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‘Himalayas were born 47 million years ago’

PTI
Published : Nov 10, 2015, 11:59 pm IST
Updated : Nov 10, 2015, 11:59 pm IST

Himalayas were born about 47 million years ago when India and Eurasia initially smashed into each other, an international team of scientists, who discovered the first oceanic microplate in the Indian

Himalayas were born about 47 million years ago when India and Eurasia initially smashed into each other, an international team of scientists, who discovered the first oceanic microplate in the Indian Ocean, has found.

Although there are at least seven microplates known in the Pacific Ocean, this is the first ancient Indian Ocean microplate to be discovered, the researchers said.

Radar beam images from an orbiting satellite have helped put together pieces of this plate tectonic jigsaw and pinpointed the age for the collision, whose precise date has divided scientists for decades.

The team of Australian and US scientists believes the collision occurred 47 million years ago when India and Eurasia initially smashed into each other. Researchers led by the University of Sydney School of Geosciences discovered that crustal stresses caused by the initial collision cracked the Antarctic Plate far away from the collisional zone and broke off a fragment the size of Australia’s Tasmania in a remote patch of the central Indian Ocean.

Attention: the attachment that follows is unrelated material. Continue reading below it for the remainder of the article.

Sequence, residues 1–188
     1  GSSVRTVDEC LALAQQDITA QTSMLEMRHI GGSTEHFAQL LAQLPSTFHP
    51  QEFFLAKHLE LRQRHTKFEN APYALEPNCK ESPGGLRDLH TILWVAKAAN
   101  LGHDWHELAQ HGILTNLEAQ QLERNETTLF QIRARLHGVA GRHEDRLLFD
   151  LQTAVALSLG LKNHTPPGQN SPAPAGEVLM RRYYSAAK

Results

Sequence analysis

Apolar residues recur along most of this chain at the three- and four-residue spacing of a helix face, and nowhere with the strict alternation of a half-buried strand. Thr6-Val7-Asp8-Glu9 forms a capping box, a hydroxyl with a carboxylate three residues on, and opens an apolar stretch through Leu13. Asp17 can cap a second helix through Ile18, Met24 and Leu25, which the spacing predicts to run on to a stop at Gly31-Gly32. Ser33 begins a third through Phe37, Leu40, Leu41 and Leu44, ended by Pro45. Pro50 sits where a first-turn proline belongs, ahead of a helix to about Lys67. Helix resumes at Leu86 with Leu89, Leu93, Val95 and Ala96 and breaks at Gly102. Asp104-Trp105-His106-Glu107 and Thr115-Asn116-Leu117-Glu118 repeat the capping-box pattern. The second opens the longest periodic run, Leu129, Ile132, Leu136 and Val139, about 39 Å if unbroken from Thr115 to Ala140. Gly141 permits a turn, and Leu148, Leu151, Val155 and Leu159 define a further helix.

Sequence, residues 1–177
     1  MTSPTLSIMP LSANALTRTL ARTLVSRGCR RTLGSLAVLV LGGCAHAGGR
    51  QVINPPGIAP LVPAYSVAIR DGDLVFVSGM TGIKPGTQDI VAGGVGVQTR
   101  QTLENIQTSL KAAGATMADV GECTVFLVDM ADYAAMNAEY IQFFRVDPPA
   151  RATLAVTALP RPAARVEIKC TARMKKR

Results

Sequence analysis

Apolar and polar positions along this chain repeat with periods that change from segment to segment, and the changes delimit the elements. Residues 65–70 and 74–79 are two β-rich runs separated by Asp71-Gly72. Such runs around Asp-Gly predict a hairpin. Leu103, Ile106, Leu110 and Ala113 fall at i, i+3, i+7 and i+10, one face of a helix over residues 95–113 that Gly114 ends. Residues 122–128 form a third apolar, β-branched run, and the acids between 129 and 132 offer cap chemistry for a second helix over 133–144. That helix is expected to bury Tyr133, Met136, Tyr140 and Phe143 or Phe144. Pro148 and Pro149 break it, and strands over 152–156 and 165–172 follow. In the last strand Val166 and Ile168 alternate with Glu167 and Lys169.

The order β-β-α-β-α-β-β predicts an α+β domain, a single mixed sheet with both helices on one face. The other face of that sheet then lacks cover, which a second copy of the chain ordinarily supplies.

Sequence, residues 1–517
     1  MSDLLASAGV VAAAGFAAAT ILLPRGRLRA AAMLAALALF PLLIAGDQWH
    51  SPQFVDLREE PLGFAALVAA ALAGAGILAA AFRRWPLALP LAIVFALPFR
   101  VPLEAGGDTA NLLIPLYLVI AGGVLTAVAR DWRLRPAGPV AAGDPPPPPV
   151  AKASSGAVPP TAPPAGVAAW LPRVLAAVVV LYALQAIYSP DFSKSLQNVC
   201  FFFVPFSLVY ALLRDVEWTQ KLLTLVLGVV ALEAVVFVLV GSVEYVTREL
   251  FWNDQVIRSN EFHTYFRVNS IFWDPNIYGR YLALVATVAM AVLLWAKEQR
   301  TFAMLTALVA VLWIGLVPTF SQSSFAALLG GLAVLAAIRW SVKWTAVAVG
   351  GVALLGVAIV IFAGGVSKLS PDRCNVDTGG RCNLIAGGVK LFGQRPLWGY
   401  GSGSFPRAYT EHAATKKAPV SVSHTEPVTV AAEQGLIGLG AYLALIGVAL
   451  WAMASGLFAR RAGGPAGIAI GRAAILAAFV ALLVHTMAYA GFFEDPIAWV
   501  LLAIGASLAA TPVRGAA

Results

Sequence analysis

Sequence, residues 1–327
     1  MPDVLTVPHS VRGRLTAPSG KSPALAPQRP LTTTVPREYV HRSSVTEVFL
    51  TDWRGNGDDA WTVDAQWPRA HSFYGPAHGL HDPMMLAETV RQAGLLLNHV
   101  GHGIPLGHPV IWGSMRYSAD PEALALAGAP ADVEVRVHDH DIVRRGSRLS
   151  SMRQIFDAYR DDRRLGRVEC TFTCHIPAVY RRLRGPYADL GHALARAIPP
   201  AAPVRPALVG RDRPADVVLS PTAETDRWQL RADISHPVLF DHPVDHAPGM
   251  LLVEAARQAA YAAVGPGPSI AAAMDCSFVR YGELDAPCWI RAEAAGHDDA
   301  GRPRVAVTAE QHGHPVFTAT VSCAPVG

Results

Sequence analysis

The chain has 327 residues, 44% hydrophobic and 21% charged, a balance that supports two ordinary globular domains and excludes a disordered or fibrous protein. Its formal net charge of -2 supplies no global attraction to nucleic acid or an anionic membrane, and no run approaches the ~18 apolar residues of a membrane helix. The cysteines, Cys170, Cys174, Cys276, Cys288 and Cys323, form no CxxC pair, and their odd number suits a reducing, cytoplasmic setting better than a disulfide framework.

The authors, comprising Professor Dietmar Muller and Kara Matthews from the University of Sydney and Professor David Sandwell from the Scripps Institution of Oceanography, have named the ancient Indian microplate the Mammerickx Microplate, after Jacqueline Mammerickx, a pioneer in seafloor mapping.

The Mammerickx Microplate rotation is unveiled by a rotating pattern of grooves and hills that turn the topography of the ocean floor into a jagged landscape. These so-called “abyssal hills” record a sudden increase in crustal stress, dating the birth of the Himalayan Mountain Range to 47 million years ago, researchers said.

The new research shows that 50 million years ago, India was travelling northwards at speeds of some 15 centimetres a year, close to the plate tectonic speed limit. Soon after it slammed into Eurasia crustal stresses along the mid-ocean ridge between India and Antarctica intensified to breaking point.

A chunk of Antarctica’s crust broke off and started rotating like a ball bearing, creating the newly-discovered tectonic plate.

Location: Australia, Victoria, Melbourne